It seems unlikely this will prove the fuse that ignites the wholesale rationalisation of British newspapers Mr Murdoch foresees (the easing of competitive pressures implied by a rise in the cover price of the Times would indicate the contrary), but there is no doubt that this is a watershed of sorts. Add to the closure the present fevered level of speculation over the Express titles, rumoured meetings between Mr Murdoch and Lord Rothermere of Associated, and there is quite enough to think that something siesmic is in the offing.
Closing Today could hardly have been a difficult commercial decision to make. Harder to explain is why News bought the title from its then owner, Tiny Rowland, in the first place, or why it was prepared to tolerate accumulated losses of an astonishing pounds 140m for as long as it did. The clear bet is that at least some of Today's 500,000 readers will move to other News International titles, particularly the Times. That view reflects Mr Murdoch's belief that newspapers are like any other commodity - price-sensitive and driven by the usual market forces of under- and over- capacity.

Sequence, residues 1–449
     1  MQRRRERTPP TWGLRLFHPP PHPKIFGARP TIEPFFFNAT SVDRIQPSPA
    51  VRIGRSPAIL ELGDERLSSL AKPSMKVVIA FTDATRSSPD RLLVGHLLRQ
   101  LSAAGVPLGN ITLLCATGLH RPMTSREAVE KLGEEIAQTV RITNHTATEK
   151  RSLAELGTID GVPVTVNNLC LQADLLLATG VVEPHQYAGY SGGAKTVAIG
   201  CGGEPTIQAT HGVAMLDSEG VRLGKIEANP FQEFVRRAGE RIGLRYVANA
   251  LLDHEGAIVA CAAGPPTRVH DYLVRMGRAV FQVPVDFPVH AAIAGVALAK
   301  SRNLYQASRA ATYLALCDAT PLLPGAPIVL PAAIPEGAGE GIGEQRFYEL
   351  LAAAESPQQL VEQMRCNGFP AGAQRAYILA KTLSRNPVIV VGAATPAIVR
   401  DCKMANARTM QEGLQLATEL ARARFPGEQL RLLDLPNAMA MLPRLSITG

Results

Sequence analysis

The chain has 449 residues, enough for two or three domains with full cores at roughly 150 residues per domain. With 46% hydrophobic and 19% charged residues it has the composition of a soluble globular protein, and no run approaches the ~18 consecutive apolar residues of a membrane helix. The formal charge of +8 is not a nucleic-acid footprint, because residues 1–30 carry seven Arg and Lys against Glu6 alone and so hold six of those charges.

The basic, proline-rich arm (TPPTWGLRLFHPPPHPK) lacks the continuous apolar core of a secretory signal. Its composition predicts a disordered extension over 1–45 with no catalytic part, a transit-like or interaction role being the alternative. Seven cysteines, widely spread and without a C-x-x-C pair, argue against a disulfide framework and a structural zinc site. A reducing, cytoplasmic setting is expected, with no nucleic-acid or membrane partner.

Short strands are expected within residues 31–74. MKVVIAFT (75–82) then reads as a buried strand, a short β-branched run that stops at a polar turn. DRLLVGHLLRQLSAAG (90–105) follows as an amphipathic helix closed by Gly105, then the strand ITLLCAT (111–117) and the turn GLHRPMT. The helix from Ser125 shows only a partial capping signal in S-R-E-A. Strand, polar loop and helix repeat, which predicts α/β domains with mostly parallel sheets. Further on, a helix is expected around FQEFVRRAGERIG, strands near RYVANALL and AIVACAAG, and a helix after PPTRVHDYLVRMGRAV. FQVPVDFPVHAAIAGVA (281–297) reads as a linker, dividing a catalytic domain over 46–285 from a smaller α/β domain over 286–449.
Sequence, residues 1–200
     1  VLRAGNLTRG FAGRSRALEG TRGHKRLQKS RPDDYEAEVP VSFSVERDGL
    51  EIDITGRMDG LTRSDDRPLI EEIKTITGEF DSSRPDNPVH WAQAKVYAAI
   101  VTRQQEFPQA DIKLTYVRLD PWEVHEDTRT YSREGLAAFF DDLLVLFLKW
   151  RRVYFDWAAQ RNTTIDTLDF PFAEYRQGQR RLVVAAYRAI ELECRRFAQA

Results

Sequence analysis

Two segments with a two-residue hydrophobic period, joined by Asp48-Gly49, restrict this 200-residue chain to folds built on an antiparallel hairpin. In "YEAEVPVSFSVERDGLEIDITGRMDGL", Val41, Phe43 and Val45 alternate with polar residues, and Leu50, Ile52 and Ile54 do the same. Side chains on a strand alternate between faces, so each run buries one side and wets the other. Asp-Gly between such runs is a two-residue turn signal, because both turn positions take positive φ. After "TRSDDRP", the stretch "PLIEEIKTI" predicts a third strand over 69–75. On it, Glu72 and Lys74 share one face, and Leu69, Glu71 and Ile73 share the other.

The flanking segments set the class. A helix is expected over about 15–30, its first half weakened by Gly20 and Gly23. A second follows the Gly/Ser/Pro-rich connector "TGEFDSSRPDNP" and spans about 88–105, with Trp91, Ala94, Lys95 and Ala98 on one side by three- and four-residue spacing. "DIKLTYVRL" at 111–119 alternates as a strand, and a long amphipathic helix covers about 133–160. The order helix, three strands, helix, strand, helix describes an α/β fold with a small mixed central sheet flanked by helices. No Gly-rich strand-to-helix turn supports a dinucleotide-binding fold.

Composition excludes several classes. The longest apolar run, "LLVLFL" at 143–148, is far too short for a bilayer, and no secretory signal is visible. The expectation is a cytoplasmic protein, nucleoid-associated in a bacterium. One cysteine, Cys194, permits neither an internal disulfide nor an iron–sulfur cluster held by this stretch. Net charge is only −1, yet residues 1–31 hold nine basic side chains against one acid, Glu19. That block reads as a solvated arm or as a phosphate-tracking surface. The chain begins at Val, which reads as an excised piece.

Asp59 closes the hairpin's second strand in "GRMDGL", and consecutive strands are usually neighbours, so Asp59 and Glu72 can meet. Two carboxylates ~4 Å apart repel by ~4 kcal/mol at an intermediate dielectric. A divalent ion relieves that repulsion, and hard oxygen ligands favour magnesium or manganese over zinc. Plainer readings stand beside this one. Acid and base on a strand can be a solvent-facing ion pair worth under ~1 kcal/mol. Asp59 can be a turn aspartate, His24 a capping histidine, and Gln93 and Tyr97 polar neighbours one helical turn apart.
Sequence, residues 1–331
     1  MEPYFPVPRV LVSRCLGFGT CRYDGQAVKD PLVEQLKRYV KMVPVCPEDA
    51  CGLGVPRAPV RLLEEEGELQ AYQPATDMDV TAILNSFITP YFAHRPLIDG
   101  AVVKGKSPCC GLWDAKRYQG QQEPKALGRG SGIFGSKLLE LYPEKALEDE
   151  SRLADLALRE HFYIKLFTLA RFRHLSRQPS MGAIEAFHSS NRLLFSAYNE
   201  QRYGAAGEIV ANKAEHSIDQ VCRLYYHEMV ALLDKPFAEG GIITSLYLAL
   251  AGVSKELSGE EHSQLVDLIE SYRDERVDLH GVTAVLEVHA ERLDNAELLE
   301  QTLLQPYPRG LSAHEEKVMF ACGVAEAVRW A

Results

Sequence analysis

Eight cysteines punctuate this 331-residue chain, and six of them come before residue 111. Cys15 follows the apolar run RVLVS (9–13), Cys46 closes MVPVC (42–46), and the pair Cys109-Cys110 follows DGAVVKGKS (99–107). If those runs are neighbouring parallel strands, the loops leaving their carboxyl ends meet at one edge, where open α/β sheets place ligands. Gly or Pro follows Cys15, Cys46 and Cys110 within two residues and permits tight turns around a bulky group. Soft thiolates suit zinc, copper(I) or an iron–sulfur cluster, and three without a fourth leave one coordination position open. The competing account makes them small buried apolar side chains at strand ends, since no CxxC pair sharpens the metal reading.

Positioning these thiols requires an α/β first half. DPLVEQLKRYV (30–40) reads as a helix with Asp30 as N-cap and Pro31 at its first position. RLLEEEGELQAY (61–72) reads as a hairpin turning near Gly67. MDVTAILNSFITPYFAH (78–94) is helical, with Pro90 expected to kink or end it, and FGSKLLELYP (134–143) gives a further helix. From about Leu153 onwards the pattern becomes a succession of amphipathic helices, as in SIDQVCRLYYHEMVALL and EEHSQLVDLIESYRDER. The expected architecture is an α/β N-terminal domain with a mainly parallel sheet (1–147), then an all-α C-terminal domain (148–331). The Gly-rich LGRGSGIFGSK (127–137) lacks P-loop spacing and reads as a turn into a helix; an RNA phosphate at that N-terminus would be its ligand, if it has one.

The circulation gains made by the Times since the price war began lend some support to that view. Far from proving the point that there is too much capacity in the market, however, the only effect so far of the cover price war has been to plunge large parts of the industry, including the Times, into losses which, in the long term, look as unsustainable as those of Today.